Contact tracing is a method of controlling an infectious disease. It involves identifying people who may have come into contact with a person who is sick. Public health officials can then recommend that at-risk individuals take precautions to prevent the spread of the disease.
Contact tracing is often part of a coordinated effort to contain an infectious illness. Although contact tracing is not a new practice, it has become more widespread since the start of the COVID-19 pandemic.
This article looks at how contact tracing works and the privacy concerns associated with it.
According to the Centers for Disease Control and Prevention (CDC), contact tracing begins with a case investigation. This involves a contact tracer interviewing someone with a confirmed case of an infectious illness.
During this interview, tracers typically ask who the person has come into contact with and the places they have visited since they contracted the illness.
In the case of COVID-19, the World Health Organization (WHO) say that this includes anyone a sick person saw:
- between 2 days before and 14 days after developing symptoms
- at a distance of less than 1 meter (3 feet)
- for more than 15 minutes
Contact tracers call at-risk individuals “contacts.” In addition to close friends and family, contacts also include people a sick person encountered:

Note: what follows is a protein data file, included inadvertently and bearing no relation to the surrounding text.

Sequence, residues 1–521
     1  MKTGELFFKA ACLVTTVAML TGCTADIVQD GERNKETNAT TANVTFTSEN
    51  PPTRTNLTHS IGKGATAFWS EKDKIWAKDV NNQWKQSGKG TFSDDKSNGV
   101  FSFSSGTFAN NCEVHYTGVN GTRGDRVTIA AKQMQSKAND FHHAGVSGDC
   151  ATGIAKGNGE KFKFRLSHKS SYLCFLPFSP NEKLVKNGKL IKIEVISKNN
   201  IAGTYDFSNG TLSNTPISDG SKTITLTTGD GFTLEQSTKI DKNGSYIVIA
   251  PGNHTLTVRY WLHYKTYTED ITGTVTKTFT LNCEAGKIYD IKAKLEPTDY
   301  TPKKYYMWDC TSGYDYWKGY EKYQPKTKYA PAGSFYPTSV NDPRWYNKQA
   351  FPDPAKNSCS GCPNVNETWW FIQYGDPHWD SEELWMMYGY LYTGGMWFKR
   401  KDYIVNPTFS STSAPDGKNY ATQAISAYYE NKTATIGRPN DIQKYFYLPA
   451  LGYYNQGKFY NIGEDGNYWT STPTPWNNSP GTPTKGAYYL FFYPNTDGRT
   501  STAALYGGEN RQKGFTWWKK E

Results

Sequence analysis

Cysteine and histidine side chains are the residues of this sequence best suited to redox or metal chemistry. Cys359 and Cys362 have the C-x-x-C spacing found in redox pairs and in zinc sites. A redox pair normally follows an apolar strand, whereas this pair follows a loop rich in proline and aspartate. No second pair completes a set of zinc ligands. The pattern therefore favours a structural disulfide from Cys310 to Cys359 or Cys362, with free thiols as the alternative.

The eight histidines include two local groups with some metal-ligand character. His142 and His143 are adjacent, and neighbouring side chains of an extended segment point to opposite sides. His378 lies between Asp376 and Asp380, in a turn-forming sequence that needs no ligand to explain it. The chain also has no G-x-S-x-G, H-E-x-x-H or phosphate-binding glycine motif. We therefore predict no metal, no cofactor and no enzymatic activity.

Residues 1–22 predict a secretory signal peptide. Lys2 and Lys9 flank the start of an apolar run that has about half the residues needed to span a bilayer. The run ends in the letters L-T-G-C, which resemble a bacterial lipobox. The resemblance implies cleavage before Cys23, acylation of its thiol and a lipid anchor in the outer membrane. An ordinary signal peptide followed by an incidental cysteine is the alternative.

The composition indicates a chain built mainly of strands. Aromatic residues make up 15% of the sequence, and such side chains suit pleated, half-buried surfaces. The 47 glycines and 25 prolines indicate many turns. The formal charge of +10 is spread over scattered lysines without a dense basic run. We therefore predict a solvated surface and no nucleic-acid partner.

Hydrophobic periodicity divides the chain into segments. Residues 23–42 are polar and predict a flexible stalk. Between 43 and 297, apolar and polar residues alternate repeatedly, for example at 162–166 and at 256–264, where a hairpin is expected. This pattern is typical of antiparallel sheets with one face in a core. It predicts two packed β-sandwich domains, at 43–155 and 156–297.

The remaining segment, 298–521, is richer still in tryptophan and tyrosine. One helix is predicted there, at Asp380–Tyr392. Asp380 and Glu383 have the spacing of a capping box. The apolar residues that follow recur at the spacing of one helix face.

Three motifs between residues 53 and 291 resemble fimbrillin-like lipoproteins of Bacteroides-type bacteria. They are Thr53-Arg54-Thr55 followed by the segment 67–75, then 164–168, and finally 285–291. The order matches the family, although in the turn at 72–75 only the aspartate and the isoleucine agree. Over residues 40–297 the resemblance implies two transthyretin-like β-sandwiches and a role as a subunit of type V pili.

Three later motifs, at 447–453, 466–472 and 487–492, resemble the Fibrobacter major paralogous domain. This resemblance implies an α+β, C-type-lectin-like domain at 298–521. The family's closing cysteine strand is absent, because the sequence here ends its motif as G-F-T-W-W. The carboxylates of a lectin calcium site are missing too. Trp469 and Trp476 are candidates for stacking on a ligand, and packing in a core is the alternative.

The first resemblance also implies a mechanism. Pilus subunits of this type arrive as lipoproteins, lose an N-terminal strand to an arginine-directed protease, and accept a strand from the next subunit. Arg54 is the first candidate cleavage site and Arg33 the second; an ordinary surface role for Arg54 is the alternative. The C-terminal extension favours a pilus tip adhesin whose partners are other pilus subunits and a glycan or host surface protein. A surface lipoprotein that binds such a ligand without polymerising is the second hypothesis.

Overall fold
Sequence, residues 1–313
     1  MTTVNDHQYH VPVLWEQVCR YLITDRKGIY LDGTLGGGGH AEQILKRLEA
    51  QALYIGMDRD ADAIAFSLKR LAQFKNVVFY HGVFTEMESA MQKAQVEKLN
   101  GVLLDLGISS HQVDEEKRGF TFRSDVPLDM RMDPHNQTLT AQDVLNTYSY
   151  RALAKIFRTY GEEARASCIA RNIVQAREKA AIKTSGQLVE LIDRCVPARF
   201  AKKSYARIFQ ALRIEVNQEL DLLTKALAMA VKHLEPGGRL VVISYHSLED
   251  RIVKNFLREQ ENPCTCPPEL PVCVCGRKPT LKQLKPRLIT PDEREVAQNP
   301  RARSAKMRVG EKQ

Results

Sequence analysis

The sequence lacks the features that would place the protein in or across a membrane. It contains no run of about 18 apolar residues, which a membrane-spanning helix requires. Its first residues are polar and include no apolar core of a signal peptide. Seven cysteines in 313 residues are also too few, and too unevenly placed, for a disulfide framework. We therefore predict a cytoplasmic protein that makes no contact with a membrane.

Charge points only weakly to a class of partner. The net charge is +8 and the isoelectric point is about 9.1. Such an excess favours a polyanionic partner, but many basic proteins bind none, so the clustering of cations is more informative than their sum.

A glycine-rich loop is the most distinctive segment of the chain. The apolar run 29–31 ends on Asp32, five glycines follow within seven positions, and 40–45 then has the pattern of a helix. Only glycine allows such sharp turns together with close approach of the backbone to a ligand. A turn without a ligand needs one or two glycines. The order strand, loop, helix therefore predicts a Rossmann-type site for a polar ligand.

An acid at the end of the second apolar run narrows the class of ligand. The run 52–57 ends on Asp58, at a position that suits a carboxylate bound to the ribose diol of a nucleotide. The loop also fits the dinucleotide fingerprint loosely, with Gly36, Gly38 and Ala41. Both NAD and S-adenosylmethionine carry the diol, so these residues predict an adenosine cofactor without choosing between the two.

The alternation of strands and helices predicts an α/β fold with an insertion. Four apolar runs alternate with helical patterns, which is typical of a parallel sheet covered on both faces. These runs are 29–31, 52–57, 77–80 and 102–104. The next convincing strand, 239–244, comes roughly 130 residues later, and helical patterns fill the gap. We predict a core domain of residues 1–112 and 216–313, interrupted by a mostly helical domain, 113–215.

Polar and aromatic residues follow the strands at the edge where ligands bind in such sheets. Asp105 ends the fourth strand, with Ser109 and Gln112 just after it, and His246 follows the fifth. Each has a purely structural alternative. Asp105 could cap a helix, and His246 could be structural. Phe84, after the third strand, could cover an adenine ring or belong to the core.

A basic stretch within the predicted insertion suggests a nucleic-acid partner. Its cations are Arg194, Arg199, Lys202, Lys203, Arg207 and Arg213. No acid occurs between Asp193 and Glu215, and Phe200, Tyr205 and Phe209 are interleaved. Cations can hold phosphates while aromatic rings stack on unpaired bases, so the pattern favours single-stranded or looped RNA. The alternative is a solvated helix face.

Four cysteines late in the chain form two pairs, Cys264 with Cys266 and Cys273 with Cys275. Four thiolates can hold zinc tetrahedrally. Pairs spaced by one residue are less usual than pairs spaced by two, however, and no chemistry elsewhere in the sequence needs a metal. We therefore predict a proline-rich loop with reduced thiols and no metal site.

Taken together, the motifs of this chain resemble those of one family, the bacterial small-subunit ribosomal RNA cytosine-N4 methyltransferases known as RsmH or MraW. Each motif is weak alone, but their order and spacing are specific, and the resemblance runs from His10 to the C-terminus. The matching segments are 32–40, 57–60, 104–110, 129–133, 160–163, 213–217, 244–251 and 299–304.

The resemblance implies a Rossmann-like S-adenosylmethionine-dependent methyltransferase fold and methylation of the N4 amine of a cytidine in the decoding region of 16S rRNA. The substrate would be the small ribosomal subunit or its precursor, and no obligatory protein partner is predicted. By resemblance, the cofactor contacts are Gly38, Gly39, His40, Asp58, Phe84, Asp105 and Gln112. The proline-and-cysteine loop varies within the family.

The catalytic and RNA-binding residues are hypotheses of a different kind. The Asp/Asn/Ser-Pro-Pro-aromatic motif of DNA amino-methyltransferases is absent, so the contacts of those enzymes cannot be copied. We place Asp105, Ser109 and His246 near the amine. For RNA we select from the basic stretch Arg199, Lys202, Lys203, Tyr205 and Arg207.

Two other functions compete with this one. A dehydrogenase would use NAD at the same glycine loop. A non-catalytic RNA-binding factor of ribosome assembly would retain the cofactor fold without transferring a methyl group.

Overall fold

- on public transport
- in a prison or shelter
- in a school
- at their workplace
- at a social event
- at a place of worship
- in a hospital or other healthcare facility
Once contact tracers finish compiling a full list of contacts, they must call all of them as quickly as possible.
By alerting someone to the fact that they may have contracted an illness, contact tracers can recommend measures that prevent the spread of the disease.
These measures can include:
- physical distancing
- undergoing medical testing to confirm if a person is carrying the illness
The contact tracing team may also monitor contacts’ health, either through regular phone calls or self-reporting methods.
The advice that contact tracers provide will depend on the nature of the illness and how it spreads. It may also vary depending on the organization carrying out the contact tracing.
Contact tracers do not usually disclose the name of the person with a confirmed case of the illness. This protects their privacy and anonymity. However, they may provide educational resources that aim to help people understand their risk of infection.
No vaccine currently exists for SARS-CoV-2, which is the virus that causes COVID-19. Because of this, public health organizations have used contact tracing to reduce transmission.
According to an article in The Lancet Infectious Diseases, countries such as China, Germany, Iceland, Singapore, South Korea, and Taiwan have successfully kept transmission and mortality rates low by using a combination of contact tracing, testing, and physical distancing.
However, the success of manual contact tracing relies on large teams of trained contact tracers being able to quickly identify and locate at-risk individuals.
Many areas of the United States have expanded their contact tracing teams as a result of COVID-19. For example, the South Carolina Department of Health and Environmental Control report that they now have 400 contact tracers, whereas before the COVID-19 pandemic, they had 20.